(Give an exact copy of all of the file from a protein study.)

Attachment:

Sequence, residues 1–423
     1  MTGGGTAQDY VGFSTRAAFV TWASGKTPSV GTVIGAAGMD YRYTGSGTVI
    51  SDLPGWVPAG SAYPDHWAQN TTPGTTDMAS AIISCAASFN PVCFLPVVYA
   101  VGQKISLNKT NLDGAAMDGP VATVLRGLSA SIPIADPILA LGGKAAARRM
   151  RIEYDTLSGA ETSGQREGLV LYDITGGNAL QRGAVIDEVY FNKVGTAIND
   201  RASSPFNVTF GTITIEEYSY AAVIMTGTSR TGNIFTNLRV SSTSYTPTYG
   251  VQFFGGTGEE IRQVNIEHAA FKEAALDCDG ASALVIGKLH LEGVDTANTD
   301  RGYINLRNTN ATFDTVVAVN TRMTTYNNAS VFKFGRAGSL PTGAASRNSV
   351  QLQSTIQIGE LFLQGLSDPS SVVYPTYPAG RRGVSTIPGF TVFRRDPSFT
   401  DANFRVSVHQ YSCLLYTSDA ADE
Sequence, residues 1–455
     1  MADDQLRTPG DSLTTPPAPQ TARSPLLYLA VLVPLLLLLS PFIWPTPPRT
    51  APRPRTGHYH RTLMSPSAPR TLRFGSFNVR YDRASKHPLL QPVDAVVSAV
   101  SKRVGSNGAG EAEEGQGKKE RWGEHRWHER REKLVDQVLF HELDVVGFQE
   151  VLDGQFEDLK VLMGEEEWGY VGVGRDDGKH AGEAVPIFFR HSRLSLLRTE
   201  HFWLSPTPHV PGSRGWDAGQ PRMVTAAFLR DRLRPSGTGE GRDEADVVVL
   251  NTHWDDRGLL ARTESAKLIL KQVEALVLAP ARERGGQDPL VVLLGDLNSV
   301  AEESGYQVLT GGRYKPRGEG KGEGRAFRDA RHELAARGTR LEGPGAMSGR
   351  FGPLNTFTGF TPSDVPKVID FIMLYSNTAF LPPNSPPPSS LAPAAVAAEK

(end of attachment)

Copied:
Sequence, residues 1–423
     1  MTGGGTAQDY VGFSTRAAFV TWASGKTPSV GTVIGAAGMD YRYTGSGTVI
    51  SDLPGWVPAG SAYPDHWAQN TTPGTTDMAS AIISCAASFN PVCFLPVVYA
   101  VGQKISLNKT NLDGAAMDGP VATVLRGLSA SIPIADPILA LGGKAAARRM
   151  RIEYDTLSGA ETSGQREGLV LYDITGGNAL QRGAVIDEVY FNKVGTAIND
   201  RASSPFNVTF GTITIEEYSY AAVIMTGTSR TGNIFTNLRV SSTSYTPTYG
   251  VQFFGGTGEE IRQVNIEHAA FKEAALDCDG ASALVIGKLH LEGVDTANTD
   301  RGYINLRNTN ATFDTVVAVN TRMTTYNNAS VFKFGRAGSL PTGAASRNSV
   351  QLQSTIQIGE LFLQGLSDPS SVVYPTYPAG RRGVSTIPGF TVFRRDPSFT
   401  DANFRVSVHQ YSCLLYTSDA ADE
Sequence, residues 1–455
     1  MADDQLRTPG DSLTTPPAPQ TARSPLLYLA VLVPLLLLLS PFIWPTPPRT
    51  APRPRTGHYH RTLMSPSAPR TLRFGSFNVR YDRASKHPLL QPVDAVVSAV
   101  SKRVGSNGAG EAEEGQGKKE RWGEHRWHER REKLVDQVLF HELDVVGFQE
   151  VLDGQFEDLK VLMGEEEWGY VGVGRDDGKH AGEAVPIFFR HSRLSLLRTE
   201  HFWLSPTPHV PGSRGWDAGQ PRMVTAAFLR DRLRPSGTGE GRDEADVVVL
   251  NTHWDDRGLL ARTESAKLIL KQVEALVLAP ARERGGQDPL VVLLGDLNSV
   301  AEESGYQVLT GGRYKPRGEG KGEGRAFRDA RHELAARGTR LEGPGAMSGR
   351  FGPLNTFTGF TPSDVPKVID FIMLYSNTAF LPPNSPPPSS LAPAAVAAEK